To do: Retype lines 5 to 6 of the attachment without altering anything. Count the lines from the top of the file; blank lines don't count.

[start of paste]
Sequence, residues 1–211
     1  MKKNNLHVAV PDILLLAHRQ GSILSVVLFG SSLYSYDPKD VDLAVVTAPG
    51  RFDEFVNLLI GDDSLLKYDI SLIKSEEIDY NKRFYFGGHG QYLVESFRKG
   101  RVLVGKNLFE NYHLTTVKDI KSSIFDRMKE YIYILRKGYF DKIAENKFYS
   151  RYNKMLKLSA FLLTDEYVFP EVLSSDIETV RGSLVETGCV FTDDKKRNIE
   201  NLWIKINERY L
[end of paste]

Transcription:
   151  RYNKMLKLSA FLLTDEYVFP EVLSSDIETV RGSLVETGCV FTDDKKRNIE
   201  NLWIKINERY L